The most important thing you can do to avoid developing occupational asthma is to avoid breathing in common irritants. Respirators and personal protective equipment can help. But even with protection, it’s important to have proper ventilation when working with irritants.

If protection doesn’t help, you may need to talk with your employer about a new assignment where you don’t have to be around irritants. In severe cases, you may need to change jobs to protect your health.

Outlook / Prognosis

What is the outlook for someone with occupational asthma?

With treatment, many people live productive lives with occupational asthma. The most challenging part of work-related asthma can be reducing your exposure to irritants. Medication can help, but if you have constant exposure to triggers, you may continue to experience symptoms.

If you reduce or eliminate your exposure to irritants, you are more likely to be able to live symptom-free. Talk to your healthcare provider to learn what triggers your asthma and find ways to control it.

Living With

Does occupational asthma mean someone needs to find a new job?

You may not need to find a new job if you and your employer can find ways to reduce your exposure. Working with your employer and your healthcare provider can help you stay safe.

Are there protections for employees?

A federal agency, the Occupational Safety and Health Administration (OSHA), sets occupational asthma prevention guidelines. All employers must follow these guidelines that limit workers’ exposure to asthma-causing substances. If you believe your employer isn’t following these guidelines, you can contact OSHA for help.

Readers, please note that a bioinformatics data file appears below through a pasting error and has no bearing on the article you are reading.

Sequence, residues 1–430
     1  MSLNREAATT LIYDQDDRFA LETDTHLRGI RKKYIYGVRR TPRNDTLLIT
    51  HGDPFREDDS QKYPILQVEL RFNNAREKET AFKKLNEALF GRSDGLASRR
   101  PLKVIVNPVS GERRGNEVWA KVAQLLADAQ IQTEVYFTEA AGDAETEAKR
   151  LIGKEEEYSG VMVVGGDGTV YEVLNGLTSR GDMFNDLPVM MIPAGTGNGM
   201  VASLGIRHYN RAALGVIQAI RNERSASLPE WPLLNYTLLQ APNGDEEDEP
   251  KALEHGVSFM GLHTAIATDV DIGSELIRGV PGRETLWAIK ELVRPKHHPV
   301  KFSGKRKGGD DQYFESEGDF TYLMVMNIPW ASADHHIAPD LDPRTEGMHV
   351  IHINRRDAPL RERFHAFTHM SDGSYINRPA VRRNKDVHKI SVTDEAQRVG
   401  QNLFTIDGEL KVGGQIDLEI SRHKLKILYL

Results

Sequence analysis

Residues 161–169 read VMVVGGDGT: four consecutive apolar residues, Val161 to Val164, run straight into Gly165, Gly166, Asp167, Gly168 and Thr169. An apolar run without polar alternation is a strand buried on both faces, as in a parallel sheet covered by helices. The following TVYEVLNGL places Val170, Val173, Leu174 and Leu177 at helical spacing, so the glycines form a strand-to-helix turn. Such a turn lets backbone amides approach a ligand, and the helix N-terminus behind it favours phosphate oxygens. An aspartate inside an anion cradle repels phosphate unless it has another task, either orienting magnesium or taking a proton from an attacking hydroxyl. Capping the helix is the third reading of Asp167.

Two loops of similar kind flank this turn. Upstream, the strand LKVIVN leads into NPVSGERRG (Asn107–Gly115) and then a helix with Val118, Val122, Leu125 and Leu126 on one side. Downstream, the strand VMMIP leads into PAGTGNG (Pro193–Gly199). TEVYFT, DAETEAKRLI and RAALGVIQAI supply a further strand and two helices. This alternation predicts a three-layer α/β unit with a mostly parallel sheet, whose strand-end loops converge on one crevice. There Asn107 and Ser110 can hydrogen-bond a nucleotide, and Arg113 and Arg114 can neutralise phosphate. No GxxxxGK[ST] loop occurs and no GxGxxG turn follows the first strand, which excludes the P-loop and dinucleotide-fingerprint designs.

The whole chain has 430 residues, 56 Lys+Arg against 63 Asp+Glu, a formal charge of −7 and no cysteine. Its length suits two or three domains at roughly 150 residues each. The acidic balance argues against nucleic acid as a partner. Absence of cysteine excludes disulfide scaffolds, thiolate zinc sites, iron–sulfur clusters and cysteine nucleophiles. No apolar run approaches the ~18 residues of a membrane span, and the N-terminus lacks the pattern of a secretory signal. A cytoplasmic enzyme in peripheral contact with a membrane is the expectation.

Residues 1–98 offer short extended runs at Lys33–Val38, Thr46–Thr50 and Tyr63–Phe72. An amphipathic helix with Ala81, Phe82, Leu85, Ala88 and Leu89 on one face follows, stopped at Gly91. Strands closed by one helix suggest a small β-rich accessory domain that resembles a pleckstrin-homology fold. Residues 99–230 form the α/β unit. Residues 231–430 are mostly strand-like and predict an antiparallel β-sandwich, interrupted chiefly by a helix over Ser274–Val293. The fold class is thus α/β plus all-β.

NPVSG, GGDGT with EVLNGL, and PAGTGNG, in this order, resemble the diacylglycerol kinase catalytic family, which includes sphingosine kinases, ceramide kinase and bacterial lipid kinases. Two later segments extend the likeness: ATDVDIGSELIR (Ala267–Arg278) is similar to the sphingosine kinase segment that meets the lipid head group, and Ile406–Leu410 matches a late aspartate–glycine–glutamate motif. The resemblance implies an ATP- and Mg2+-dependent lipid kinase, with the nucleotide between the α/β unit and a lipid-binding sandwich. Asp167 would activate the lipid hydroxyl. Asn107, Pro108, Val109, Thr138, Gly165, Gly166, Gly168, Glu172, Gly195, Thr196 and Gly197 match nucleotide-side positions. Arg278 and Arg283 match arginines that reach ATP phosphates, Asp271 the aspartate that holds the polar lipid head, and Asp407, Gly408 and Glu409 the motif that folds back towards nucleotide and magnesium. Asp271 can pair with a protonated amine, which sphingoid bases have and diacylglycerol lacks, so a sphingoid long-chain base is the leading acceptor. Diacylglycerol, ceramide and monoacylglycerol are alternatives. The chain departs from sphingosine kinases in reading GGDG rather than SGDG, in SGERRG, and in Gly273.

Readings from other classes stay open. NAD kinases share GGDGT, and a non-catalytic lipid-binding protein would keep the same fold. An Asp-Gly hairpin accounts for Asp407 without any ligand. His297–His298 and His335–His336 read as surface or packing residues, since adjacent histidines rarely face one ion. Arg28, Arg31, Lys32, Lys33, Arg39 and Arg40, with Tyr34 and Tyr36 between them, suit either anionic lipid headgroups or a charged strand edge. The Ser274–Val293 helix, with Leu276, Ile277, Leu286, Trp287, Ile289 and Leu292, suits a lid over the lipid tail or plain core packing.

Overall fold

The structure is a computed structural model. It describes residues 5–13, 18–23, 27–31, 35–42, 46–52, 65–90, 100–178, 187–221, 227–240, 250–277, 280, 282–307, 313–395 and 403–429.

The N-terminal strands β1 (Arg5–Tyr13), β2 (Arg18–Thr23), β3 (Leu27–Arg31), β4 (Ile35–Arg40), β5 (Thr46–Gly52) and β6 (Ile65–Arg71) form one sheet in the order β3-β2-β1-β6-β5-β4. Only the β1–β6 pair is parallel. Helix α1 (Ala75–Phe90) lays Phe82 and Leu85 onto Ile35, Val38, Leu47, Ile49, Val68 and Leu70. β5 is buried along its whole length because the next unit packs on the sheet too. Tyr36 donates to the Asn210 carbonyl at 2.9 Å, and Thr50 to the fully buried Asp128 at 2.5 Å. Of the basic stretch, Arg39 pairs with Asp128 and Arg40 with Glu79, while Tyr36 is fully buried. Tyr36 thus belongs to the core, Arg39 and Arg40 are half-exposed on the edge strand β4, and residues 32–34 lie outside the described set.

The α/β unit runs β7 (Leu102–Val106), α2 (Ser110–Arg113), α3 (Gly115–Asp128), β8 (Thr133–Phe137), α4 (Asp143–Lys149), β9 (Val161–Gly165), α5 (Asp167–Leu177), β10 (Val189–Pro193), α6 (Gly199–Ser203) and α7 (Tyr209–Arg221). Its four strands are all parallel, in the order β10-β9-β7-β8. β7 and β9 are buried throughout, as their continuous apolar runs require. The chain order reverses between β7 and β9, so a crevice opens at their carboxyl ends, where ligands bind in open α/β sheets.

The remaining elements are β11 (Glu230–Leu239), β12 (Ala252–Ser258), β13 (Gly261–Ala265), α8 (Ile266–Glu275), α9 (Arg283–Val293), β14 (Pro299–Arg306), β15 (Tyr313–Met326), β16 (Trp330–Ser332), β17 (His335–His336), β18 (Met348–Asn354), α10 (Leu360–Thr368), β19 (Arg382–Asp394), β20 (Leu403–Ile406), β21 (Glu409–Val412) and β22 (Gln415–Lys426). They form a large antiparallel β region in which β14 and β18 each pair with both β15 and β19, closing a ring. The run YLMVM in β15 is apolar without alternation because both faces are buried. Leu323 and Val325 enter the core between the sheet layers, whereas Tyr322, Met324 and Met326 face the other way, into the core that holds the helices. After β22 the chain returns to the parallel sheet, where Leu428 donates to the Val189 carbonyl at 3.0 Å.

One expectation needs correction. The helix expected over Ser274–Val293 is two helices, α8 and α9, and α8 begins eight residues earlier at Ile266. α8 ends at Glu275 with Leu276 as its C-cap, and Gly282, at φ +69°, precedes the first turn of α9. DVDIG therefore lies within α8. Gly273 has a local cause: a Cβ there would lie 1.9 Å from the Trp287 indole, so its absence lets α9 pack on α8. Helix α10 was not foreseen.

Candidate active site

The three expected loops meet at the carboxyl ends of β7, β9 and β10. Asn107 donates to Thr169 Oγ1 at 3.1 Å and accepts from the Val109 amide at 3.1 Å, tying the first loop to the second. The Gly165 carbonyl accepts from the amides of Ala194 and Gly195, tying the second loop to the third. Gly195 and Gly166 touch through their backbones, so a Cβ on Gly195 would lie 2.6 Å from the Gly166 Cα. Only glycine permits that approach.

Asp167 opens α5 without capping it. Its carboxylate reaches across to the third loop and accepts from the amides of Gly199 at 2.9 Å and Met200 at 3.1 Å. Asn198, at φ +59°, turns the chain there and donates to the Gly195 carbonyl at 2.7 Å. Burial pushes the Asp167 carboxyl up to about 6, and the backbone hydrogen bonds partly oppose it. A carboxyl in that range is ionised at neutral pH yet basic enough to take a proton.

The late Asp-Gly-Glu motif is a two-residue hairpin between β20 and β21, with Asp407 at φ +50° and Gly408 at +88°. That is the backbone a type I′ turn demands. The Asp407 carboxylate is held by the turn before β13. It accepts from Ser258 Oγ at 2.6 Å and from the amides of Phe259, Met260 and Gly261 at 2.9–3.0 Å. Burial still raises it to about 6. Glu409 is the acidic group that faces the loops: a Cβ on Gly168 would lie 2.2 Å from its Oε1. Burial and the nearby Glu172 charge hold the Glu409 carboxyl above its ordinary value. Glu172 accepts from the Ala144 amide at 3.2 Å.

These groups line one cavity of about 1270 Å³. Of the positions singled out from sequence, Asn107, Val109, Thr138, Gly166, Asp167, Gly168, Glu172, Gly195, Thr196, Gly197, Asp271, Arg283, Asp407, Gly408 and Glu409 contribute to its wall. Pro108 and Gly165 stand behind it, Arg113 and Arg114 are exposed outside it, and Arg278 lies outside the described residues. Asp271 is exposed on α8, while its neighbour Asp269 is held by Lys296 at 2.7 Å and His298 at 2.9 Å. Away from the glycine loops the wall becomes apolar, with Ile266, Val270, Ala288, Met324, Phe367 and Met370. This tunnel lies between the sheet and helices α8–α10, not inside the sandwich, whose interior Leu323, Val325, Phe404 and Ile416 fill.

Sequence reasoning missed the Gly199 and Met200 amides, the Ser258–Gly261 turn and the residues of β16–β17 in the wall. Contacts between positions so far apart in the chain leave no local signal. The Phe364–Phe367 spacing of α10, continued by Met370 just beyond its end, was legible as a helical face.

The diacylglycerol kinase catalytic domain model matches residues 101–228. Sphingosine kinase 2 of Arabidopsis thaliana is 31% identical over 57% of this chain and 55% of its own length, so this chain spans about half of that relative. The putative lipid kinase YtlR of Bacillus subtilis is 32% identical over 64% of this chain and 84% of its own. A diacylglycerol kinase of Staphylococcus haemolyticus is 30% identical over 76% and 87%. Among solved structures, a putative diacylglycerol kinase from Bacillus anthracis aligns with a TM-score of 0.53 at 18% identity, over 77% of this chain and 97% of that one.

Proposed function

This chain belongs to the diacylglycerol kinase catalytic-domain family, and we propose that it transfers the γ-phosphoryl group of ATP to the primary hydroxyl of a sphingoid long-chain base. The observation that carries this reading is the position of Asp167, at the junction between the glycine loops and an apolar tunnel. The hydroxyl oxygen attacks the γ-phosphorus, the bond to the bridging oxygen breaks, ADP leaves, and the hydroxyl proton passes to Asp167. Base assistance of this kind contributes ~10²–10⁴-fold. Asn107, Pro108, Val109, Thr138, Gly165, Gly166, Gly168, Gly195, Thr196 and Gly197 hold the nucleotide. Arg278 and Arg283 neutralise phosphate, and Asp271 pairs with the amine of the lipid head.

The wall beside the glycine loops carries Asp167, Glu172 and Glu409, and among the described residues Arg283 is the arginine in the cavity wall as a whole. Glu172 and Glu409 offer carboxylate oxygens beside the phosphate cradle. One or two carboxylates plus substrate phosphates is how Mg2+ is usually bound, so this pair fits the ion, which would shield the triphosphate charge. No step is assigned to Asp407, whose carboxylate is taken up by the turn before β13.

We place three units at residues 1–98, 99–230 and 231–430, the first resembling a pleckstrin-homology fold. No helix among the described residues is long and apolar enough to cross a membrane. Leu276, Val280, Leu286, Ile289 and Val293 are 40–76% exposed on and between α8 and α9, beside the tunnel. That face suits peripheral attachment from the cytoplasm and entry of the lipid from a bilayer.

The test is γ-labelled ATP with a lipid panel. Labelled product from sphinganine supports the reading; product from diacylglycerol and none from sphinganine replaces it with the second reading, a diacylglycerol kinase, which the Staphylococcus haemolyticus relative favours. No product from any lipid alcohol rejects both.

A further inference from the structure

Your job may require you to use some potential irritants. If you do, you and your employer should find a way to work safely.

When should I see a doctor about occupational asthma?

If you notice any asthma symptoms when you’re at work, you should talk to your healthcare provider. They can help you determine the cause and find ways to help you prevent it.

Your provider can suggest how to discuss a diagnosis with your employer. They will offer ways to prevent further exposure and damage from occupational asthma.

A note from Cleveland Clinic

Occupational asthma can be life-threatening. Even if it's only an occasional nuisance, it’s troubling when your job makes you unwell. However, with the right tools and protection, you can control occupational asthma. Talk with your healthcare provider if you notice asthma symptoms when you are at work, and ask your employer about an asthma surveillance program to protect your health.

Medically Reviewed

Last reviewed by a Cleveland Clinic medical professional on 05/18/2021.

Learn more about our editorial process.


  • American College of Allergy, Asthma and Immunology. Occupational Asthma. (https://acaai.org/asthma/types-asthma/occupational-asthma) Accessed 5/28/2021.
  • Centers for Disease Control and Prevention. Work-Related Asthma. (https://www.cdc.gov/niosh/topics/asthma/employers.html) Accessed 5/28/2021.
  • Lau A, Tarlo SM. Update on the Management of Occupational Asthma and Work-Exacerbated Asthma. (https://www.ncbi.nlm.nih.gov/pmc/articles/PMC6340795/) Allergy, Asthma & Immunology Research. 2019;11(2):188-200. Accessed 5/28/2021.
  • Obase Y, Shimoda T, Mitsuta K, et al. Two patients with occupational asthma who returned to work with dust respirators. (https://oem.bmj.com/content/oemed/57/1/62.full.pdf) Occupational and Environmental Medicine. 2000;57:62-64. Accessed 5/28/2021.
  • Occupational Health and Safety Administration. Occupational Asthma. (https://www.osha.gov/occupational-asthma) Accessed 5/28/2021.

Cleveland Clinic is a non-profit academic medical center. Advertising on our site helps support our mission. We do not endorse non-Cleveland Clinic products or services. Policy